us to decrease the working time to obtain the same final permeate volume. The low protein content in the tanning wastewater would explain the scarce difference of the permeate fluxes obtained with and without pretreatment of the effluent by UF. The permeate flux depends on the applied pressure and on the feed temperature. In order to study the behaviour of both variables, tests were made using three different pressures (0.9, 1.1 and 1.3 MPa) at constant temperature (288 K). With these conditions, the permeate flux changed in a linear way with the applied pressure (0.17 L/m2h at 0.9 MPa, 0.34 L/m2h at 1.1 MPa and 0.50 L/m2h at 1.3 MPa). When the tests were made using three different temperatures (288, 298 and 308 K) at constant pressure (1.0 MPa), the permeate flux changed according to a parabolic law with the feed temperature (0.27 L/m2h at 288 K; 0.54 L/m2h at 298 K and 0.71 L/m2h at 308 K). Taking into account the results mentioned above, a new RO test was carried out using the effluent without proteins, an applied pressure of 1.3 MPa and a feed temperature of 298 K. The test was performed with an effluent volume of 24 L and was finished when the concentrate volume was 2.4 L. From each 1.8 L of permeate obtained, an aliquot of 0.15 L was taken for chemical analysis. In total, 12 aliquots of

A. Pérez Padilla, E.L. Tavani / Desalination 126 (1999) 219–226 Table 3 Chemical analyses and pH of permeates and pH of the respective concentrates Aliquot Permeate
= SO4 , g/L


Concentrate pH Cl , g/L 8.5 10.9 13.7 Na+, g/L 5.3 8.4 9.7 Cr3+, mg/L 10.4 7.5 6.8 pH 4.42 4.61 4.72 pH 4.50 4.67 4.75

1 6 12

0.9 1.9 3.3

permeate (1–12) were analyzed. The characterization was completed with the pH measurement of each permeate aliquot and of the respective concentrate. Table 3 shows the chemical analyses and the pH of three permeate aliquots (1, 6 and 12) and the pH of the concentrates. The low chromium (III) content in all permeate aliquots shown in Table 3, similar to the values mentioned by other authors [13–16], confirms that the RO method is a valid alternative for the treatment of the tanning wastewater. 3.2. Identification of chromium (III) species present in the tanning wastewater and in the concentrates obtained by RO The separation of species by RO depends on the difference of molecular size of the feed components to be treated, among other aspects [15]. The medium conditions (pH and concentration of soluble species) are modified as consequence of this separation, which may affect the molecular size (structural changes) of some component. Under the experimental conditions used in this work, chromium (III) is the most propitious component to present structural changes [17–21]. According to these considerations, the physicochemical characterization of different solutions (chromium (III) content, storage temperature and time) was made in order to obtain evidence to explain the results attained by RO.

The absorption spectrum of a diluted solution of chromium (III) nitrate recently prepared and maintained at room temperature has two bands at 408 and 575 nm. The anion nitrate is a weak ligand, and it is very difficult that in diluted solutions it may penetrate into the coordination sphere of the chromium (III) complex. At the same time, the possibility of hydrolytic polymerization of this cation (structural changes) in fresh solutions and maintained at room temperature is negligible. The above-mentioned facts suggest the only presence of water groups into the sphere of the complex [18–21]. Then the bands at 408 and 575 nm show the presence of a chromium (III) mononuclear complex [Cr(H2O)63+]. The absorption spectrum of a solution recently prepared from a commercial tanning salt (Chromosal-BA Bayer), with a chromium (III) concentration similar to the one of nitrate and maintained at room temperature, has two bands at 432 and 594 nm. A shift of the absorption maxima towards longer wavelengths was attributed to the presence of hydroxide groups and sulfate groups into the sphere of the complex. The hydroxide groups produce chromium (III) polymerization, and the sulfate groups (with a ligand strength higher than the one of nitrate) act as monodentate and bidentate ligands [17–21]. Species in solution are polynuclear (dimer), and they remain without structural changes for some time when the commercial salt is dissolved in cold water [17].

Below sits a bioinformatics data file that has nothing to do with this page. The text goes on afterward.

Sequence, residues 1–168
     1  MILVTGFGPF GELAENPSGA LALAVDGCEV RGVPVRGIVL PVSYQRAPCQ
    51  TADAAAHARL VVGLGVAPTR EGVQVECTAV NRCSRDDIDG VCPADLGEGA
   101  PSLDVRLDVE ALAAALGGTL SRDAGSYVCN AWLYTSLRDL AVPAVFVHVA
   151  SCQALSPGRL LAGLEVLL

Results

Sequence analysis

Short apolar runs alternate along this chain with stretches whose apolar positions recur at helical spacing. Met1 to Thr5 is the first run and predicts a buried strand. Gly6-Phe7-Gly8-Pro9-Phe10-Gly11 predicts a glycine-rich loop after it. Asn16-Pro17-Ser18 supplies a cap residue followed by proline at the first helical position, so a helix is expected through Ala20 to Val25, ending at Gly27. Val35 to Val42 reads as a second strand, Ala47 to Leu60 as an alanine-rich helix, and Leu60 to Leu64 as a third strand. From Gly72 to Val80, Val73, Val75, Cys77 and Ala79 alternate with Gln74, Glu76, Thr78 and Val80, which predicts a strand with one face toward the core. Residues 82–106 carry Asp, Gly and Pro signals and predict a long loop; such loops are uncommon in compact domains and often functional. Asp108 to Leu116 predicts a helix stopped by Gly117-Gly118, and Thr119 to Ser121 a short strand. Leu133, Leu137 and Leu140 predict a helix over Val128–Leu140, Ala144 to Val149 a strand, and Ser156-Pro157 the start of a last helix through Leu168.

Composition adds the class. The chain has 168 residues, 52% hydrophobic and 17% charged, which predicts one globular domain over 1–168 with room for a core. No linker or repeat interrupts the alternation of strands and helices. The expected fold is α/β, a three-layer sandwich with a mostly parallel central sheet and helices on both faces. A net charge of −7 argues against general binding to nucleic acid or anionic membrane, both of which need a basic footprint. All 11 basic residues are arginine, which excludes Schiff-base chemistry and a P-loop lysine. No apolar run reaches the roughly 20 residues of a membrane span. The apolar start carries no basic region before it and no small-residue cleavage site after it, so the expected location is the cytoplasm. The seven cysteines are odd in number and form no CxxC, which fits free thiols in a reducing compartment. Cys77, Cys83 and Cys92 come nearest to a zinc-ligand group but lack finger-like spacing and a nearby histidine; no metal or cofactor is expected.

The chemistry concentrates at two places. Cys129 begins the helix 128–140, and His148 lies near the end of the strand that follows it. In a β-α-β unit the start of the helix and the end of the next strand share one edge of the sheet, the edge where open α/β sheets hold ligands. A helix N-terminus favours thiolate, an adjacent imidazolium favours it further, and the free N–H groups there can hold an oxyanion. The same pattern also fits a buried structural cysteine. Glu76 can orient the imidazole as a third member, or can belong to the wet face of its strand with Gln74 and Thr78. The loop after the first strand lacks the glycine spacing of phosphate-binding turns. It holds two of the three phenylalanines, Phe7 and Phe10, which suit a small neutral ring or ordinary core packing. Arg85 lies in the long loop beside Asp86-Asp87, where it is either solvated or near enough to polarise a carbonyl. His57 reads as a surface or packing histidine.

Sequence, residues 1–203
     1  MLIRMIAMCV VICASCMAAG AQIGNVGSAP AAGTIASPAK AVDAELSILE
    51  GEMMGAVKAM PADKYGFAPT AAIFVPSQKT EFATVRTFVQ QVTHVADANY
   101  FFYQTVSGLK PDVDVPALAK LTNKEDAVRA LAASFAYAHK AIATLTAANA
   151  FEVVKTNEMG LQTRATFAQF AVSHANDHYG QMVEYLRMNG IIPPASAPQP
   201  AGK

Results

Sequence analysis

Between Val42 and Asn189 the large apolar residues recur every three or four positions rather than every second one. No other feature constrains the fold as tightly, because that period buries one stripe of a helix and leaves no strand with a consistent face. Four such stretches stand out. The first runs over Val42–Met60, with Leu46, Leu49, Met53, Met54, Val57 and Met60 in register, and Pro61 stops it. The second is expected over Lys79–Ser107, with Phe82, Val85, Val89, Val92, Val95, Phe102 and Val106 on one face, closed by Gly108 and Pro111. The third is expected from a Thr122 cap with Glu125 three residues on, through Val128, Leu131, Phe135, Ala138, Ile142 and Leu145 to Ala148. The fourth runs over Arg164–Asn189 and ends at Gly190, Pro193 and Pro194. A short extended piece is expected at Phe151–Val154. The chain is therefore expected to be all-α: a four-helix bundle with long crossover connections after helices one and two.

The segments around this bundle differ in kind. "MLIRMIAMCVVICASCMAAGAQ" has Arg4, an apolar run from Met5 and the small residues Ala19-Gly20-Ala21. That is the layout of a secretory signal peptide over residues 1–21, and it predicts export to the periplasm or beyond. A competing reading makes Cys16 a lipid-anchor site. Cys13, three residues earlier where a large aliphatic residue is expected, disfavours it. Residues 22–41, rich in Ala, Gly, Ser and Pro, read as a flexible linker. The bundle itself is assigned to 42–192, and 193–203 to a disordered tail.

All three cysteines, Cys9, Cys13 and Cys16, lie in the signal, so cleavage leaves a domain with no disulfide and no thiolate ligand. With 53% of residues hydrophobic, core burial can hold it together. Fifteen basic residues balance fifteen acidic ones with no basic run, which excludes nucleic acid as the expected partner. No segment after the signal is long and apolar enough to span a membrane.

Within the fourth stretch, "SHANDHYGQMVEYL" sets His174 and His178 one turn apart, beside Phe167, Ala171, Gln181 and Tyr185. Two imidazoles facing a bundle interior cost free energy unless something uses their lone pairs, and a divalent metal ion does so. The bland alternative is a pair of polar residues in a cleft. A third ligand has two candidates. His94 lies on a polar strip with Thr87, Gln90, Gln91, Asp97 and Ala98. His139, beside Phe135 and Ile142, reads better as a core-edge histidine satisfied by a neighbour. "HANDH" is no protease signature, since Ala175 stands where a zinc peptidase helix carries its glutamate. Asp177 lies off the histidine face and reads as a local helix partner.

A. Pérez Padilla, E.L. Tavani / Desalination 126 (1999) 219–226

The tanning reagents of mineral origin react with carboxylic groups of the collagen between pH 2.9 and 4.1. A tanning improvement may be achieved when the process is performed at a temperature of 10 to 20 C higher than the room one [22,23]. The pH of a fresh solution of the commercial tanning salt (150 g/L) and maintained at room temperature was ~2.7. When the pH and the temperature of this solution were similar to the usual values of the tanning process, certain structural changes were produced, and at the end the maxima of absorption bands decreased. These changes originated from hydroxide groups that act as ligands among central atoms of chromium (III), which leads to a decrease in the initial sulfate concentration into the sphere of the complex. Hydroxide groups (as bridge or as monodentate ligand) produce a shift of the absorption bands lower than the sulfate groups [17]. The pH of the tanning wastewater was ~4.3, and the absorption spectrum of this effluent without suspended solids, obtained under equal operation conditions than the above-mentioned spectra, has two bands at 414 and 582 nm. Both maxima were increased when the pH was decreased with successive additions of sulfuric acid. The shift of the absorption maxima obtained when lowering the medium pH (from 4.3 up to 2.7), while the sulfate concentration did not present changes, was used as evidence of the participation of hydroxide groups in the structural changes produced in soluble chromium (III) complexes. Despite the reversible character of the shift, in none of the cases was it possible to obtain an absorption spectrum of the tanning wastewater similar to the absorption spectrum of a fresh tanning solution. This behaviour was attributed to the different chemical composition of both liquids. The transport of H2O from the concentrate (the tanning wastewater at the test start) towards the permeate produced an increase in the